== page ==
May 31 is the date for the premiere of the TV mini series Good Omens. All 6 episodes will be released that day on Amazon Prime.
Good Omens made a big splash at SXSW in Austin in March, and Sun News was there to capture all the excitement. SXSW even set up a large “Garden of Eden” outdoors complete with the apple tree. I saw several women unwisely reach up to pluck an apple from the tree. The Garden even had a mockup of the 1926 black Bentley featured in the mini series (see photo below).
“This is a buddy movie,” said actor David Tennant, referring to the two main characters Crowley (a demon played by Tennant) and Aziraphale (an angel). “They complete each other. There are not a lot of scenes they’re not with each other.” Tennant is best known as Dr. Who, and there is a nod to that TV show in Good Omens: the famous scarf always sported by the fourth Doctor is worn by one of the characters.
The show tackles big themes “What does it mean to be human?” and “What is the apocalypse?” They may not have provided an answer, but a troupe of singing nuns entertained the SXSW audience as they got to see the cast during an appearance at the Zach Theater.
In development of the 1990 novel Good Omens, author Neil Gaiman said he had a character Aziraphale. His co-author, Sir Terry Pratchett, “split that character in two: the good and evil. The joy of this show is watching them do this amazing dance around each other.”
At SXSW, actor Michael Sheen (who plays the angel), spoke about Gaiman’s creation. “As first and foremost a fan of Neil’s work, what resonates for me is that it’s about people. Our flaws and foibles are our greatest strength as a species. That trust in humanity, that ability to lean into people’s flaws allowed us to feel so included and express ourselves.”
John Hamm plays the angel Gabriel who was only mentioned in passing in the book. “I play the no2 guy to the Big Guy,” Hamm said in Austin. “What he really is is a terrible bureaucrat. That made it challenging. I made it like ‘shitty boss’ from the head office as a theme. The costumes lent an air of an impeccably put together person who is a buffoon.”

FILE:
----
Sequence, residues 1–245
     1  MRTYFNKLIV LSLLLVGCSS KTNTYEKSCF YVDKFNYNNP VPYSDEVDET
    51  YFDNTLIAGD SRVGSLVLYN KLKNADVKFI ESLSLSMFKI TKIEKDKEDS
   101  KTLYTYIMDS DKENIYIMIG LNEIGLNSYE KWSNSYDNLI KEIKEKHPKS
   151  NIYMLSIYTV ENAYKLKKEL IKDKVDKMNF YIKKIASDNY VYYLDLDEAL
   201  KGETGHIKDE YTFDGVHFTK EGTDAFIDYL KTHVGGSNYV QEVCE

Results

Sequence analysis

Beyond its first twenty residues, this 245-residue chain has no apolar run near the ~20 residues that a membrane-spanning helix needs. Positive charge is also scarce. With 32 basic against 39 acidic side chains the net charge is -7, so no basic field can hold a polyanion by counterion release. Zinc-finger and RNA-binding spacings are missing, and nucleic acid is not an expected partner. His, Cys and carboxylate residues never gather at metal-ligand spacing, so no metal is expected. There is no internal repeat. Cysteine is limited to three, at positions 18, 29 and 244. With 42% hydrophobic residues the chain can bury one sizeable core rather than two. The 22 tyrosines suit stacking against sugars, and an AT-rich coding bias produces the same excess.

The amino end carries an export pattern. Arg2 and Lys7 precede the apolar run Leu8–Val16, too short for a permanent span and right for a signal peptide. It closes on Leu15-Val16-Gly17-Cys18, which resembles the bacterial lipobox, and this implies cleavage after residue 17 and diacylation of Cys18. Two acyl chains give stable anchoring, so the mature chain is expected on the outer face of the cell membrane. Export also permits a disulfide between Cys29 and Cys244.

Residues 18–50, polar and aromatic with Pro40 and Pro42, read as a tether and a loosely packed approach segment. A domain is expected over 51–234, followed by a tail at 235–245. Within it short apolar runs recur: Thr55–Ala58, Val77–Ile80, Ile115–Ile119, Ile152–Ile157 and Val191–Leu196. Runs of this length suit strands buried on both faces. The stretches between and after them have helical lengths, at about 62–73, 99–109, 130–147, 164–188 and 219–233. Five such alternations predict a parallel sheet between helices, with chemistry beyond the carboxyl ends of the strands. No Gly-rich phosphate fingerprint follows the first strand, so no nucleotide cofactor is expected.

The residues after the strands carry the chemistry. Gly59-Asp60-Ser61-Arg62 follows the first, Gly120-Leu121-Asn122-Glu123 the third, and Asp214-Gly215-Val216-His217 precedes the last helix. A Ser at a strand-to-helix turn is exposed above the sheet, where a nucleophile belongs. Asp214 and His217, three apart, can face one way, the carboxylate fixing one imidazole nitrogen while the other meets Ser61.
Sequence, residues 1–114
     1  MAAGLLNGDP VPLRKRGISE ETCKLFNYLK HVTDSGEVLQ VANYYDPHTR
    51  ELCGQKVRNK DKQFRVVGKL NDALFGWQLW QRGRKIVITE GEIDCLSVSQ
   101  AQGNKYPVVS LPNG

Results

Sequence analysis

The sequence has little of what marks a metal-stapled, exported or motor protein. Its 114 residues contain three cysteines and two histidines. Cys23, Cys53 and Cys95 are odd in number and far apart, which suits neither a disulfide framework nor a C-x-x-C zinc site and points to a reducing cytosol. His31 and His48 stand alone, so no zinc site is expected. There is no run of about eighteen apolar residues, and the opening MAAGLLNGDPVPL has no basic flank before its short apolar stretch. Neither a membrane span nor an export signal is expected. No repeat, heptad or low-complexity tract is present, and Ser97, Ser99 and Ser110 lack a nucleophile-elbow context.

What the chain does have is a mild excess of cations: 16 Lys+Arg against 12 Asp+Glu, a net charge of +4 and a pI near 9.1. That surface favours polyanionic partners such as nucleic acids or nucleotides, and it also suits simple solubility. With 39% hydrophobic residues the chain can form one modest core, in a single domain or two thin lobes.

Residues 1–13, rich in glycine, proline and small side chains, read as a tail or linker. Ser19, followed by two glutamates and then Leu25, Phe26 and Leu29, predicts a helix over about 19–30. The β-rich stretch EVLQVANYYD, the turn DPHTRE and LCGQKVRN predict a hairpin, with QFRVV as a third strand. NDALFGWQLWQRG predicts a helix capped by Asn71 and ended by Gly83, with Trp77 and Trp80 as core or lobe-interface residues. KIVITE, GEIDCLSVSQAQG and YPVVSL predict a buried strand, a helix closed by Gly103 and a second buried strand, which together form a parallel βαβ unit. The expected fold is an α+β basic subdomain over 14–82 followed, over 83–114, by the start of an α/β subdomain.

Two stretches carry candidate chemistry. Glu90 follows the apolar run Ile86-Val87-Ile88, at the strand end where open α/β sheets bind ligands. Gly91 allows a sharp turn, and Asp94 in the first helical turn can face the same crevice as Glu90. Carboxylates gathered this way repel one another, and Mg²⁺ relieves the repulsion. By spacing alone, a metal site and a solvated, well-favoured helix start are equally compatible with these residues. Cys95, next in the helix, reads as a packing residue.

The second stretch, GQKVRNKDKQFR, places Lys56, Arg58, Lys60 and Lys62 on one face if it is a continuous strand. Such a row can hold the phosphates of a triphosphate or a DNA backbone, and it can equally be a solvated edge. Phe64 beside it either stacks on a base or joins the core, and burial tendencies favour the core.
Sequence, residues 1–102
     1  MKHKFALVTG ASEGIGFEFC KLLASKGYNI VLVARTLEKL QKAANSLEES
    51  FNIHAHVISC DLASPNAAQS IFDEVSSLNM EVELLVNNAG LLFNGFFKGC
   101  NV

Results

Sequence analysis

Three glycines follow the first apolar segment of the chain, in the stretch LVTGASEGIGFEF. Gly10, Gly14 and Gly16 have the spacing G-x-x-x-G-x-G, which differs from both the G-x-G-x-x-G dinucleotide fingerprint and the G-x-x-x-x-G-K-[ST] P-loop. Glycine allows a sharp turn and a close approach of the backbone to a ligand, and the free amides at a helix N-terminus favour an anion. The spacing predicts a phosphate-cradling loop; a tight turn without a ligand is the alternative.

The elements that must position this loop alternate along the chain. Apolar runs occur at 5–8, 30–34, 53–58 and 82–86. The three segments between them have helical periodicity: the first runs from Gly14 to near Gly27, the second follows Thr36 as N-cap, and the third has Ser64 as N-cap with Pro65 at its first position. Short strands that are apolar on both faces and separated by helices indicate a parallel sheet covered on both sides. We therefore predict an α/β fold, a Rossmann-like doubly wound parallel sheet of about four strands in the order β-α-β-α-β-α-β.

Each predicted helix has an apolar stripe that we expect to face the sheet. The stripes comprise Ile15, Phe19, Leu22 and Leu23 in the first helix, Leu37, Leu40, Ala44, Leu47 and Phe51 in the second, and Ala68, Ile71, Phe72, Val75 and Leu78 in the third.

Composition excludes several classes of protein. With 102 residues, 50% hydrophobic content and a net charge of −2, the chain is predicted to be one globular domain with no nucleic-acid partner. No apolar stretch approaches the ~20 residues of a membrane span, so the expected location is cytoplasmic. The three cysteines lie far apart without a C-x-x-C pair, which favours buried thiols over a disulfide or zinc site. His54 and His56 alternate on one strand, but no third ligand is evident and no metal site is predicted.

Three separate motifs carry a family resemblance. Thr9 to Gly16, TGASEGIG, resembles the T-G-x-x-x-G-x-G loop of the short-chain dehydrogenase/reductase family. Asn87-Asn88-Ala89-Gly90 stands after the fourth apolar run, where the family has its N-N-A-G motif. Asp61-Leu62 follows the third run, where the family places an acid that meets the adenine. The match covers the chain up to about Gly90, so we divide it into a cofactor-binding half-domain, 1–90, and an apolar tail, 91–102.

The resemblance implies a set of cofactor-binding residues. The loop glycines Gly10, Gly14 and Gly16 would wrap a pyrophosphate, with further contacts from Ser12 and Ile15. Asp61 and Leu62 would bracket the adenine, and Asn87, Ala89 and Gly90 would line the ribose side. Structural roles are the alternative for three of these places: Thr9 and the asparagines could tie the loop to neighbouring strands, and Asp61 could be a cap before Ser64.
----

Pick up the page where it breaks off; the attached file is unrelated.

Gaiman has a cameo role in episode 4. “I’m a retired show runner, and in my retirement I’m thinking of taking up writing!” In real life that is exactly what Gaiman says he now plans to do: resume his writing career. Gaiman had a lot of control, as creator of the book and show runner of the mini-series. “What was nice about this is I didn’t have the job of keeping it consistent but I had the responsibility of deciding what got shot and what didn’t. If you’re the writer in TV your control extends only to the moment you start typing. The gratifying thing about Good Omens is because I made myself show runner, nobody got to out-write us,” he said, referring to himself and the director Douglas Mackinnon.
At SXSW Mackinnon said that Gaiman worked out a hybrid method for creative control of the show with him. “Suddenly you’ve got a recipe of making something really great,” Mackinnon explained. “It was a genuine collaboration. Sounds simple but we loved it. Everybody walked away from the show thinking they had done something special.”
In a separate appearance, Gaiman spoke to another audience at SXSW about his 2001 fantasy novel American Gods. “You write fiction to ask questions. When I moved to rural Wisconsin I had expected one kind of American experience but had another kind of experience. For example I saw a roadside attraction advertised as the largest block of cheese in the world. It was a huge truck with a glass side showing a replica of a 1961 block of cheese from the World’s Fair. I’d say to people, ‘isn’t that weird?’ They would say ‘no.’ American Gods was me trying to figure this out.”
He reminisced about Pratchett, who died in 2015. “Terry in later years said I sent him 500 words as the beginning of Good Omens. I found it recently and it was 5000 words. He said ‘you can either sell it to me or we can do it together.’ Anyway Terry took it and made it 10,000 words.” Gaiman said the magical thing about writing Good Omens was “there was an audience: Terry was my audience.” When it came time to create the miniseries, Gaiman said “Terry wrote me and said ‘you have to do this. You are the only sane person who has the same passion for the Old Girl as I do.’ So it became my mad passion project.”
Gaiman expressed his deep sadness that Sir Terry is not here to work on the Good Omens project. “It was like table tennis when we were writing. The biggest challenge was not having Terry anymore.” But his spirit stayed with Gaiman throughout. He said jokingly “there have been many times in the past 2 years I have cursed Terry. But we pulled it off.”